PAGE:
Vietnam is one of the fastest rising economies in Southeast Asia. As in other newly-emergent economies, social services have sadly not kept pace with impressive economic growth. A social concern that is inadequately addressed involves the rights of persons with disabilities (PWDs). In recent years, government has enacted legislation for PWD protection and support services but the implementation gap remains huge for the estimated 13 million PWDs in the country. In such a situation, the action of citizens is vital, and where civil society is weak, as in Vietnam, the leadership of gifted, dedicated individuals is especially crucial.
VO THI HOANG YEN, born and raised in a remote village in Vietnam’s Dong Nai province, contracted polio when she was two-and-a-half years old. In many other cases, particularly in the rural areas, this condition would have consigned her to a life of dependence. But with a supportive family and her own courage and will, she succeeded in getting an education. Braving discrimination and the constraints of her disability, she earned college degrees at Ho Chi Minh University, and a scholarship brought her to the University of Kansas, where she obtained a master’s degree in human development in 2004. Turning her back on opportunities for a comfortable life in the US, YEN returned to Vietnam.
She had been exposed to the issue and practice of PWD rights in the US, and experienced the stark contrast in Vietnam: the barriers to PWD mobility, access, and employment; the cultural bias that fosters passivity and dependence; the lack of public awareness of PWD needs and rights. Despite her qualifications, her first job application was turned down because of her condition. Undaunted, YEN immediately set to work.
In 2005, with three other PWDs, she founded Disability Research and Capacity Development (DRD), a non-profit organization based in Ho Chi Minh City whose guiding vision was to create “an equal and non-discriminatory society” for PWDs. DRD embarked on public awareness raising activities; livelihood and life-skills training for PWDs; employment and job placement; and diverse other initiatives. Raising funds from international organizations, proactively working with government and the private sector, DRD systematically established its presence as the leading, most innovative PWD advocacy and support group in Vietnam.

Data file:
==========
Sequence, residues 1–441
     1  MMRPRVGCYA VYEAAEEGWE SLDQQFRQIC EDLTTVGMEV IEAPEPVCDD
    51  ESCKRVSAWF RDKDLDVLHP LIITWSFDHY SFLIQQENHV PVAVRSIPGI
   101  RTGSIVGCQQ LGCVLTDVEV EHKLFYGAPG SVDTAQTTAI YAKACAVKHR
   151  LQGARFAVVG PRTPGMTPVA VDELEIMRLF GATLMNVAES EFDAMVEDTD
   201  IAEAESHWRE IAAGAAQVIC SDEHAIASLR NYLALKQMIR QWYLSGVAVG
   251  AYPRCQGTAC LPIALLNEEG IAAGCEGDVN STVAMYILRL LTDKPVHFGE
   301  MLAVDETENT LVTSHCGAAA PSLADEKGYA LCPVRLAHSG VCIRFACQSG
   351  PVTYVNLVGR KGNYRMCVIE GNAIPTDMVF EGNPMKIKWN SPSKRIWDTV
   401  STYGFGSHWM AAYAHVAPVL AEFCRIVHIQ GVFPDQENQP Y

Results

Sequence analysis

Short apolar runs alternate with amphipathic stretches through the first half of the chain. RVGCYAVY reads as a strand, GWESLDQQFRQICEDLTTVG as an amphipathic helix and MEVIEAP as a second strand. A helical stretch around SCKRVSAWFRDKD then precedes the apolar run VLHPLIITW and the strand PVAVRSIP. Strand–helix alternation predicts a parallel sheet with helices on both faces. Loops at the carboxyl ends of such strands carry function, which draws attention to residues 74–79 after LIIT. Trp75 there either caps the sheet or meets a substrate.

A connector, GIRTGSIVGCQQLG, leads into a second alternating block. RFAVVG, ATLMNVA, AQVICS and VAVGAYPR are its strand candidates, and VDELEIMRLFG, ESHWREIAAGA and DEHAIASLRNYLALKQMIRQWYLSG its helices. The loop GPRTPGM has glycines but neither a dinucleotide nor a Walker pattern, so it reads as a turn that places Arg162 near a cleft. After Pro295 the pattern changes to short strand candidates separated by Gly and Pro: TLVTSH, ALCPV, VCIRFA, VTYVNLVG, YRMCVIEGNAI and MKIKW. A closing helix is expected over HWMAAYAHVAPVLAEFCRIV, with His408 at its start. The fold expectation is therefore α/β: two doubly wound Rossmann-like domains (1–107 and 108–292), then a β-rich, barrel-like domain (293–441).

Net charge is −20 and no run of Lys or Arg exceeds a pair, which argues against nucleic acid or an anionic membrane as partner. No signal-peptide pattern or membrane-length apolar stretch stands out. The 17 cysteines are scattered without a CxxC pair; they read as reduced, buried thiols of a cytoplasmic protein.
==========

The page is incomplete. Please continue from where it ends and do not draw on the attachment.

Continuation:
Over the past thirteen years, DRD has directly assisted some 15,000 PWDs with skills and capacity building activities, scholarships, job placements, donations of assistive devices and computers, and, using social media, a website on laws for the disabled and a digital map showing PWD-accessible public infrastructure. DRD’s innovativeness was showcased in a pilot “motorbike taxi service,” with a hotline for free transportation for PWDs on specially-designed motorbikes. The project became so popular that DRD could not meet the huge demand. Moreover, DRD has worked with government and the business sector in crafting PWD-related policies and promoting PWD-friendly environments, as in buildings and transportation.
YEN is the quintessential achiever. Confident, hardworking, and articulate, she teaches at Ho Chi Minh Open University and has recently completed her doctorate studies in social work from La Trobe University in Australia, continuing to direct DRD even while doing her studies. It is YEN’s own drive to be able to live independently, and to see this in other PWDs as well, that is at the heart of her advocacy. Autonomy, inclusion, a sense of dignity, releasing and enhancing the capacities of the differently-abled—this is what she is about. Despite the continuing challenges and frustrating resource constraints, YEN remains inspired. She says, “PWDs write or call me, thanking me for helping them change their lives… This is what drives me to continue.”
In electing VO THI HOANG YEN to receive the 2018 Ramon Magsaysay Award, the board of trustees recognizes her dauntless spirit and prodigious energy in rising above her condition; her creative, charismatic leadership in the sustained campaign to break down physical and mental barriers that have marginalized PWDs in Vietnam; and for being a shining, inspirational model for the young in her country and elsewhere in the world.